It’s World Refugee Day. Held every year on June 20, today is a day to “commemorate the strength, courage and perseverance of millions of refugees.” According to the UN’s website, “World Refugee Day also marks a key moment for the public to show support for families forced to flee.” With refugee and asylum-seeker crises at the forefront of global socio-political attentions, it’s even more important to take this year’s World Refugee Day to find constructive ways to help and support displaced people.
Do you want to be a part of the solution? Here are four fields of study that will get you there:
Refugees and asylum seekers have complex narratives and need to navigate even more complex legal systems as they move and re-settle their lives.
There’s the interplay among humanitarian and human rights law, international and domestic systems, migration and immigration laws, and figuring out how to garner the best possible outcome for people to live their lives.
Law offers one of the most direct routes to improving the lives of refugees. Refugee law looks specifically at how the international community defines refugees and asylum seekers.
Those who study refugee law can work for small and large organizations including the United Nations, NGOs such as Amnesty International and Human Rights Watch, and can also work as refugee experts in the field. Students interested in this field of law can consider programs like the LLM in Migration Law and Policy or Master in Law: International Migrations and Refugee Law.
Lebanon, currently hosting an influx of Syrian refugees from the 2011 uprising, is facing a humanitarian health crisis. There aren’t enough healthcare workers to meet the demands of an ever-shifting population of refugees in Lebanon.
Lebanon isn’t alone. Refugees around the world do not have access to the healthcare that they need.
Getting a job as a healthcare worker for refugees isn’t easy. Every country has different requirements, rules, education, training, and licensure procedures.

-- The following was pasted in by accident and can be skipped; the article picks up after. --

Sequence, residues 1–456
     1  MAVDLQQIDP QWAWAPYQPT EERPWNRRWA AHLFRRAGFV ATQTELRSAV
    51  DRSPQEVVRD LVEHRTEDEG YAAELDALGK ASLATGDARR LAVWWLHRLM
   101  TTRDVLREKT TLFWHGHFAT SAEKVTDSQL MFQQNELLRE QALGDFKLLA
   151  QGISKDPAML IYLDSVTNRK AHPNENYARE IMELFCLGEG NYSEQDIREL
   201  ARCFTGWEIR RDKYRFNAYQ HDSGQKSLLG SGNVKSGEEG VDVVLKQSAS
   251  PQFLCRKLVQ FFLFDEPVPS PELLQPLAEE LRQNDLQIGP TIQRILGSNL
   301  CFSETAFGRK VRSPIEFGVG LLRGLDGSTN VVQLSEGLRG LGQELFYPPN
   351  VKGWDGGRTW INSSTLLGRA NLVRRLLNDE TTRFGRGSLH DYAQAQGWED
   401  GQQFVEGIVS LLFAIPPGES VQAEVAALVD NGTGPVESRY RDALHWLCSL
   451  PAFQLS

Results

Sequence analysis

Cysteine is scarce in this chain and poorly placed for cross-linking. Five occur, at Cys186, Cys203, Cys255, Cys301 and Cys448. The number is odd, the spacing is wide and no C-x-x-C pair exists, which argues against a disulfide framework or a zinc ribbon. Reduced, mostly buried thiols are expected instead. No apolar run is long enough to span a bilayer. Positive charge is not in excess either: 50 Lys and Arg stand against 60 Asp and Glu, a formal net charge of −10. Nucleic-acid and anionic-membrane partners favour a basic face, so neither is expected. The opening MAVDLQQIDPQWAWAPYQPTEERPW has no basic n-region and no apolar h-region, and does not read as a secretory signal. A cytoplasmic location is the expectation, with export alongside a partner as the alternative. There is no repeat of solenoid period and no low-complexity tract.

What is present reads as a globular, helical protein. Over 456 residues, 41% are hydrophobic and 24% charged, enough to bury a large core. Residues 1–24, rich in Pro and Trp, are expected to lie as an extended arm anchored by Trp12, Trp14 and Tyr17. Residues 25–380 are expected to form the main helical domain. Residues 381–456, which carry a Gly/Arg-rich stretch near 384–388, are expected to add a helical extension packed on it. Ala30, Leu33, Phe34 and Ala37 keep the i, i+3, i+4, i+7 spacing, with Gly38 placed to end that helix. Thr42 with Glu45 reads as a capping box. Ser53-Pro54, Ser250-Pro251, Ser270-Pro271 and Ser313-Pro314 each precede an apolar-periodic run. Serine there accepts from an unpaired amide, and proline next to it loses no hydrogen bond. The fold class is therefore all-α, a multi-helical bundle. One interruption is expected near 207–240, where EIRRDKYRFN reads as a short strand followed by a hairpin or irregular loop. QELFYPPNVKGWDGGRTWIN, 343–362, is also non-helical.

Some countries, though, are making it easier for healthcare workers to help refugees, by hiring the refugees themselves.
According to a 2017 Brookings Institute report, Sweden created a fast-track program designed to help immigrants expedite the process of finding jobs. It’s for those who already have a Swedish residency permit, related work experience, or education in an area with a labor shortage–specifically health-related.
Scotland also has a program for Syrian doctors who are also refugees to begin working vacancies for the National Health Service (NHS).
Of all the fields, languages are the key to helping refugees and asylum seekers. On the front line, translators serve to communicate vital information, relay individual stories and ease the process of seeking asylum. Organizations like Translators Without Borders work both to assist communication efforts and advocate for the rights of people involved in humanitarian crises.
Once refugees’ urgent translation needs are met, their language needs shift from translation to active learning. Learning the language of their host country is the key to success for many refugee families and often overlooked.
In the UK, there’s a rising demand for English teachers to help the refugee population settle. Without English skills, many refugees–especially women–find it difficult to interact outside their homes, feel socially isolated, and find it difficult if not impossible to find employment.
In other countries, there is also high demand for English instruction. In many resettlement programs, refugees from all over the world wind up in small, provincial towns, some of which even have local dialects. Not knowing the language can make it impossible for refugees to integrate.